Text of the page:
Harpsichord 10/10 Year of the Plague
I rented in Brooklyn right off the Brooklyn Bridge. And every Thursday night was my “Salon”. For years I had Thursday night events. They were “open” – from the beginning. Meaning I didn’t have a guest list. I never wanted to invest the energy needed each week contacting people. Sometimes 10 showed up and sometimes nobody. My regulars were the Stonybrook crowd/Brooklyn.

We always had instruments and grass and played and danced and ate. Those days were my champagne days. Pommery was less than $8. I hadn’t moved up to great reds – I wasn’t old enuf and had no cellar. Or we had my father’s wines. Big bottles. Always interesting, faultless – seasonal fruits, even mead. And free.

In my office I would post invitations for these salons. My students were always encouraged to come. And they often did. There were always grad students working with me for several years and becoming part of my life. And Seif’s crowd, him with a cello and Alan – he needed a piano – the Stonybrook math crowd and a sometimes a flute. I almost never communicated and arranged – hit and miss. A Thursday open salon habit I’ve kept over the years – always surprised who showed up.

Mostly we played music. Seif at the cello, 2 violins. I grew up in a home with a piano and an organ. A bit much for young apartment dwellers – how do you move a piano around. The stairs to the second floor were not to code. And every gathering can use a piano. Bach, Vivaldi – they always have a version, an adaptation available including keyboard.

Zuckerman harpsichords had the answer. I’m handy. I had made a few bookcases for friends. And sanded floors for my parents. So I’ll build a harpsichord from a kit. I can’t imagine how I found out about Zuckerman. Zuckerman was probably in the yellow pages under harpsichords. Only in NYC. I forget how I got a catalog but I decided on the smallest – just one keyboard. Called a virginal.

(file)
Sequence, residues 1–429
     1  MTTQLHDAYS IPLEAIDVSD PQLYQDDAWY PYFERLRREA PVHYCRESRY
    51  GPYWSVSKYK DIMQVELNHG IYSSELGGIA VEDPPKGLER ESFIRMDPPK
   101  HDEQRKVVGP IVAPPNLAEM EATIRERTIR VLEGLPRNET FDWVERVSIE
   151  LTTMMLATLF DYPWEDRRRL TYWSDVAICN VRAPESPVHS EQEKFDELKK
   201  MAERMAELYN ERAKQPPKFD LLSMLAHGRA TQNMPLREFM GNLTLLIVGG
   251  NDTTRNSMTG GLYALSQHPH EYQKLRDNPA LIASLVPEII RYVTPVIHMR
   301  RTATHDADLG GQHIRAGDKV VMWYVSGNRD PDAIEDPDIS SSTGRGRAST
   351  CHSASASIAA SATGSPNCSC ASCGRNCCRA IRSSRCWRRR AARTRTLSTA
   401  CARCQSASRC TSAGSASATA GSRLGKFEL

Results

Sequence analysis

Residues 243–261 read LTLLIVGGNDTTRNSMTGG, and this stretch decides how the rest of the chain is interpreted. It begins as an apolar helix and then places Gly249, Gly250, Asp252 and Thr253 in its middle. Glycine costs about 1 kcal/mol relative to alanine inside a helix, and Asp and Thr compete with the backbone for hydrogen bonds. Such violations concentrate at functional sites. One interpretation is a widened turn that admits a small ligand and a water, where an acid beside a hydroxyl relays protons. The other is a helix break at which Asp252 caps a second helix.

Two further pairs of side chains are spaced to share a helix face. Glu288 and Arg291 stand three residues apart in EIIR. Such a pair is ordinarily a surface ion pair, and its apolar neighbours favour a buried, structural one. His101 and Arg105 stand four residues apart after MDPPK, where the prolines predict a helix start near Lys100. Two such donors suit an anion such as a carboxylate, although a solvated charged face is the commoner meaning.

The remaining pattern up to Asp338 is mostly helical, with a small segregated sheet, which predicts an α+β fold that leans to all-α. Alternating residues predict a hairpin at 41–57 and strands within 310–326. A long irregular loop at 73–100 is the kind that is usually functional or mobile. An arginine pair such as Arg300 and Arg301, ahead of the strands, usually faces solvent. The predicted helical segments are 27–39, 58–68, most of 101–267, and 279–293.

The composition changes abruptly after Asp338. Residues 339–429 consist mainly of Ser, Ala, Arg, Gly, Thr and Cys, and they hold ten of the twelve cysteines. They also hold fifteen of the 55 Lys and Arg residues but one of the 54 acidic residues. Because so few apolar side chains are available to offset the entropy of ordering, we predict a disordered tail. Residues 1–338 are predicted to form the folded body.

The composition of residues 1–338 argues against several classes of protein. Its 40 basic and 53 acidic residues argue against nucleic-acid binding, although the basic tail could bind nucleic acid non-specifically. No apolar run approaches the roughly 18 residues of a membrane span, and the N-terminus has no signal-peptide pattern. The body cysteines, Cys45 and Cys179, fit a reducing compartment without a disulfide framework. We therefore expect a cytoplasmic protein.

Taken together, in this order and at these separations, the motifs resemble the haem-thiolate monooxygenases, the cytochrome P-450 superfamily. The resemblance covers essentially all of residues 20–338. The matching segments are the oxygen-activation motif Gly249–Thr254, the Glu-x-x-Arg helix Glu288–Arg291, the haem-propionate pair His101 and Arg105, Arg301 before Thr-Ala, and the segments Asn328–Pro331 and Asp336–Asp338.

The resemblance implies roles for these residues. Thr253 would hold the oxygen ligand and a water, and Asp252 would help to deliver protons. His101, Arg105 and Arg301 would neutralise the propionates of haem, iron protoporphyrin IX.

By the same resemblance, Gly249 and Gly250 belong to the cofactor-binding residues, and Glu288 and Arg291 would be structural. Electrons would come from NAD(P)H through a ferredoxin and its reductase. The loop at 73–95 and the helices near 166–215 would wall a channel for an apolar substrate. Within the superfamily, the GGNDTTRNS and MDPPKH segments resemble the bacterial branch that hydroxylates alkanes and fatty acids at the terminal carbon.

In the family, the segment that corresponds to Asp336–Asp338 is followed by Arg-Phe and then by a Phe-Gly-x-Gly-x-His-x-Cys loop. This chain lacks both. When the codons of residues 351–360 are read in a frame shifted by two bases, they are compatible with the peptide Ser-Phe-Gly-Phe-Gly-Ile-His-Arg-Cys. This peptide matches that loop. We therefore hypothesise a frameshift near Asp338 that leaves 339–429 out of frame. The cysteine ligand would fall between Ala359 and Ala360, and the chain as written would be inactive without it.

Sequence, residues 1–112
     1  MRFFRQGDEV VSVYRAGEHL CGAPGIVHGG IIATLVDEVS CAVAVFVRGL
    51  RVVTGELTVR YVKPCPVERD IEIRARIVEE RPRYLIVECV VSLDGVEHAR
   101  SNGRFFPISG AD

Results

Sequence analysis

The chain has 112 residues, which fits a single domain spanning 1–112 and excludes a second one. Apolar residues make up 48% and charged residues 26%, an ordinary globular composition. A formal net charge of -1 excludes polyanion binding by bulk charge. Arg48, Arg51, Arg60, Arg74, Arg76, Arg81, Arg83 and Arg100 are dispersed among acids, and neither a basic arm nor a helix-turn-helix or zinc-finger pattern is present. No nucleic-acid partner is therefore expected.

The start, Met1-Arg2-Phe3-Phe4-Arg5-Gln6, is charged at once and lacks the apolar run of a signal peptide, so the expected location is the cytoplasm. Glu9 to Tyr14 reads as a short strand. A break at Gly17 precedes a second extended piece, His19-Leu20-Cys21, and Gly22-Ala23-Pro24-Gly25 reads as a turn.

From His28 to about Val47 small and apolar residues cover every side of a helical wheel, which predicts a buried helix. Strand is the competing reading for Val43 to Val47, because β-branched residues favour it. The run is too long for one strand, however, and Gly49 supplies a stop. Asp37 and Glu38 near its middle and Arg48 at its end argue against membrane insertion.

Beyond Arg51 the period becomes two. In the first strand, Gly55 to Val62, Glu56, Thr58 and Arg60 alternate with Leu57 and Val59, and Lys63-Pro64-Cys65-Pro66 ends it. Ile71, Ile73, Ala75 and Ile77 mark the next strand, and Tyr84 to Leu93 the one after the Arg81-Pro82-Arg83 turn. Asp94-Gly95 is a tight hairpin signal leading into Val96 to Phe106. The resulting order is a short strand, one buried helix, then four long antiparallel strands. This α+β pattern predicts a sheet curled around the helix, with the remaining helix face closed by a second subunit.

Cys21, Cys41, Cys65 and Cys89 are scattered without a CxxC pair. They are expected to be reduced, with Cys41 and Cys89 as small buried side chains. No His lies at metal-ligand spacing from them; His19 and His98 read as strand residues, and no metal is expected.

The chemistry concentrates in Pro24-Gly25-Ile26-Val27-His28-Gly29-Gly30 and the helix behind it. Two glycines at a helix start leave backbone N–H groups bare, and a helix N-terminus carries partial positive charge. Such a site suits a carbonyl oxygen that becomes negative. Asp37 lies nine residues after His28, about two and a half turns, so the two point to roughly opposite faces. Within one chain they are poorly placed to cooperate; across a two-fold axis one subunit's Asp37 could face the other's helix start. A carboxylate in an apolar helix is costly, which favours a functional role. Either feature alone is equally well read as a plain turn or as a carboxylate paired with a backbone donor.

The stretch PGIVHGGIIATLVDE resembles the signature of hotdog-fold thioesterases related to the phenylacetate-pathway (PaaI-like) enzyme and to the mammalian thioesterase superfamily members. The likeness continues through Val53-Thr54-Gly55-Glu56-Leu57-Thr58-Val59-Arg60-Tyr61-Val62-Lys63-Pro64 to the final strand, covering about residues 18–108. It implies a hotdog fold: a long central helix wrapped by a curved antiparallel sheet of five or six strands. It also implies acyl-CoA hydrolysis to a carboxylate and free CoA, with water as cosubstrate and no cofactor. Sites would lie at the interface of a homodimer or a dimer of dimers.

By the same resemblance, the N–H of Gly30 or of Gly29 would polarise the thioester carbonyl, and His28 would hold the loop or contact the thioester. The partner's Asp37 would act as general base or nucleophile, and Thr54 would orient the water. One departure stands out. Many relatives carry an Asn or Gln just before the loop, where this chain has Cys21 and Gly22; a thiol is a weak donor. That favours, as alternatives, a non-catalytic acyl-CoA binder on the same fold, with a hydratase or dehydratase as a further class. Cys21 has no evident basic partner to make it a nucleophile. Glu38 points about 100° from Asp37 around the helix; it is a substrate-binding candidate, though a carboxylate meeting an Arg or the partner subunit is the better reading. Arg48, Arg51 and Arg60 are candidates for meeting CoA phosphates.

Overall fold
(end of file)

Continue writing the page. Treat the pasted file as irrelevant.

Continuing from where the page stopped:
Harpsichords came a couple century s before pianos. The next step after lutes or guitars (probably). They pluck the strings don’t hammer them like a piano. You press the key and a string is mechanically plucked. There is no soft or loud plucking – just one column. Bigger harpsichords have 2 keyboards and you control the volume by playing on one or two keyboards.

Only in NYC – I was able to get on a subway and go up to Zukerman and get a harpsichord kit. The box was about 6 feet long and weighed less than 100 pounds. It looked like a surf board could fit inside but it was several pieces of high-grade plywood. And lots of small pieces. And wire for the strings. I was able to take it home on the subway and carry it up the stairs.

I spent weeks with several fancy woodworking tools. I would fall asleep with the instruction book on my chest. The coffin shaped box and the keyboard – sand the pear wood keys. What looks like a large harp is glued onto the sound board. I knew enuf about instruments to know that “sounding” an instrument made it good or not. That involved cutting and gluing the harp shape then attaching the strings. The strings go from pegs which turn for tuning to pegs near the pluckers – powered by the keyboard. I hired the young guy who took care of the harpsichords at Lincoln Center to do this work. Sounding the instrument takes experience – it ain’t carpentry. Good move and he enjoyed the job.

It took about ½ year to get a playing instrument. A fine instrument. Nice pear wood keyboard. Light wood. A box about the size and shape of a thin coffin – not like a grand piano – called a Virginal. Now our Salon was keyboard centered. Quite a gathering – tinkle tinkle.

But the harpsichord was an unpainted wood box.

Now Bob McCormick was my MMC buddy. He was the chair of the Art Dept. I was a young prof when his career at MMC was winding down. There was a 7 foot nude bronze colored clay statue of his 60 year old aunt at the main entrance to Great Hall between its two grand staircases. Bob was a Cornell MFA. A fine academic artist and a serious member of the Art Student League where he learned painting faux stone surfaces. He was successful. His paintings and painted furniture sold quickly to several patrons. His own style was bold muscular erotic male nude.

MMC was so much to me. An 8 story building filled with young ladies. Philip Berrigan chaplain. Rudy Perez dance resident. Ellen Zwilich Pulitzer prize music teacher. This kid from Philly was where you would go if you wanted this side of paradise. I was so open to it all.

I danced for Rudy (see dance101) and posed for Bob. And he painted and distressed my harpsichord. Around the box he painted the story of two doves meeting and courting and nesting. In light blue with silver leaf wings on butterflies. Distressed (scratched up) to look old. The cover is faux lapis lazuli framed with silver leaf. And on the opened 6 foot long cover is a nude Eros (me) with wings – Mt. Olympus in the distance. He also finished a Japan Red bench.